HVP is a global organisation, we want to see the world joined and working together on the challenges of translating developments in human genomics into improved health services. HVP’s mission is in agreement with that of WHO – we want to see open transparent variant data sharing that is both ethical and financially sustainable. We know from experience that low and middle income countries often get left behind when new techniques and diagnostics are developed. Currently, in genomics research activity, much of the investment of resources is concentrated in a few wealthy countries. Most of the discussions and debates about these challenges take place in North America, UK and EU. We aim to make sure that these discussions are opened up to health professionals among the whole world. We acknowledge their presence and we try to engage ourselves with them. Also WHO is the agency of health ministers and we know that they need to have the opportunity to engage in these discussions if the profile of genomics and health is to be a priority for health service delivery.
For example, our Global Globin 2020 Challenge seeks to apply the latest human genomics developments to well-known diseases such as sickle cell disease and thalassaemia that are very common in low and middle income countries. However, as a result of migration events, these conditions are spreading fast in parts of Europe, North America, and Australia. We are building a network of 20 countries around the world in order to develop capacity and address these forgotten diseases where they occur. We also want to make sure that health professionals working in these countries have a strong voice when we develop standards, procedures and codes of practice. We are looking for internationally harmonized and interconnected variant sharing and this cannot be achieved without the participation of many countries, not just rich countries. Those working in low resource countries have a lot to offer rich countries too, for example, how to do things cost-effectively, in low resources settings or with better utilization of community-based service delivery. Furthermore, we can foresee that there will be knowledge-based job opportunities in the future with demand for genomic based services in the coming years. We need to make sure that middle and low income countries build their own expertise and services locally as this will strengthen and enrich the field by ensuring a greater diversity of views.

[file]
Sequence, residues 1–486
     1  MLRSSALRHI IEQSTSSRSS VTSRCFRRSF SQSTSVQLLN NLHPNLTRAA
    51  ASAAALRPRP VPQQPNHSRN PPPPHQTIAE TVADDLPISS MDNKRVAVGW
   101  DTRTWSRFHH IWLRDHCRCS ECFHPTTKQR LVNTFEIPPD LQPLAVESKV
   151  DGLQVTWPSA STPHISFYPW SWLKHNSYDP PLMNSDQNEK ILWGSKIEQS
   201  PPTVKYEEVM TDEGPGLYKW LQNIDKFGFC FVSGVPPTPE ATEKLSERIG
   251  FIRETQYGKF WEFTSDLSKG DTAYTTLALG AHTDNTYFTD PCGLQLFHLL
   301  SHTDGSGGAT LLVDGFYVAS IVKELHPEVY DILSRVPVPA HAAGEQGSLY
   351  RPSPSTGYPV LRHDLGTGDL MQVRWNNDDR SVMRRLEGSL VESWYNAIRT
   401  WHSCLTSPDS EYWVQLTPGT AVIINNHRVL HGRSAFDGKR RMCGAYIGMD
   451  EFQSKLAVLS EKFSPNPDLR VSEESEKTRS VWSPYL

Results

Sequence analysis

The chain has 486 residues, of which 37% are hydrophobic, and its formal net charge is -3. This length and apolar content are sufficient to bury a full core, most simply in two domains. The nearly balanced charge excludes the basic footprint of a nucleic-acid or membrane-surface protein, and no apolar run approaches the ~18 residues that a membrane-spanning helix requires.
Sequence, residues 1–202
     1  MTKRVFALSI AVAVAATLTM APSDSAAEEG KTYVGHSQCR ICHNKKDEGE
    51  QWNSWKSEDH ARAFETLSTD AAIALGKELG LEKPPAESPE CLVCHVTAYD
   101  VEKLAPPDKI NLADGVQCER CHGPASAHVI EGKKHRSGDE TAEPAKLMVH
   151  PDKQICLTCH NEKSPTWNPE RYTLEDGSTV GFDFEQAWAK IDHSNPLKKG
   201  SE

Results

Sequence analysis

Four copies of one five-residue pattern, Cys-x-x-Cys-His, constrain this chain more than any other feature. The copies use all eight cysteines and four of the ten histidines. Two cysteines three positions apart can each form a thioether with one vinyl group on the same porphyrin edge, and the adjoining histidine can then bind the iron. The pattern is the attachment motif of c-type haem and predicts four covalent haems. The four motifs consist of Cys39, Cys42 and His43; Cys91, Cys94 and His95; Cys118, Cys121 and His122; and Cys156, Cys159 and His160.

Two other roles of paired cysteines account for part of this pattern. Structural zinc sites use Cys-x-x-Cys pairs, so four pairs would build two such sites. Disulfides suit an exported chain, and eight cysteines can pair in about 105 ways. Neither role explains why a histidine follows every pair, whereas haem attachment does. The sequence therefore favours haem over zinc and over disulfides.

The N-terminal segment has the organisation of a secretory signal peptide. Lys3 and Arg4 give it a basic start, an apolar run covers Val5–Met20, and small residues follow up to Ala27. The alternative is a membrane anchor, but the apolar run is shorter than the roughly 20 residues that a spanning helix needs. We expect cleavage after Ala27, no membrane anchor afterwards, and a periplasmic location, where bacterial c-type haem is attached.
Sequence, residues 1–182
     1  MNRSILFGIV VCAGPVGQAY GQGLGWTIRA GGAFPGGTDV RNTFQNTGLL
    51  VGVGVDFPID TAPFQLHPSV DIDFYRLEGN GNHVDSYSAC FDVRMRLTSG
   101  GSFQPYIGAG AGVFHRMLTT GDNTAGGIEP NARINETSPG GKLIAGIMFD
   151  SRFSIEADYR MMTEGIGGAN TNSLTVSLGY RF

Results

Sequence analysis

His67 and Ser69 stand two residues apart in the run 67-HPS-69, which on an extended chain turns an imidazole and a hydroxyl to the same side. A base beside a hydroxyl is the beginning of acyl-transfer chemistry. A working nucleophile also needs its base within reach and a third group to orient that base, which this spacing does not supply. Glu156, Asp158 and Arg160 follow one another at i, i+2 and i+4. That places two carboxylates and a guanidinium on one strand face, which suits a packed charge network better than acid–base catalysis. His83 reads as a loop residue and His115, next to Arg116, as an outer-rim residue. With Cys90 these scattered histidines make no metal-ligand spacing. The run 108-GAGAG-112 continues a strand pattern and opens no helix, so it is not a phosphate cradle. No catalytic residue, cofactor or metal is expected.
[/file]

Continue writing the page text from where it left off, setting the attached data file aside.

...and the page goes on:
6. How do you think the problem of limited data sharing should be addressed further?
Because clinicians and laboratory heads are very busy people it is very difficult for them to find time to submit their data to databases even though they use other people’s databases on a daily basis. The simplest way to overcome this problem is to make submission of genetic data to a database compulsory and/or make data submission part of quality control and/or licensing of laboratories. This compulsion is part of practice for cancer and infectious diseases in some countries.
7. How do you ensure data quality?
This is the most critical point as errors can mean life or death or removal or not of organs. Bioinformaticians are confident that their analyses may eventually safely predict the outcome of a particular variant. But many researchers believe the opposite. Thus, they believe that human curation of the ability of a particular variant to cause disease needs to be decided by a group of experts as per the INSIGHT example above. However, this is expensive and may be impractical. It could be that bioinformatics analysis at the protein level may be more accurate. Modifier genes may also make prediction difficult.
We thank Chris Arnold (chairman of the HVP) and Helen Robinson (WHO liaison officer) for their assistance in the preparation of this interview.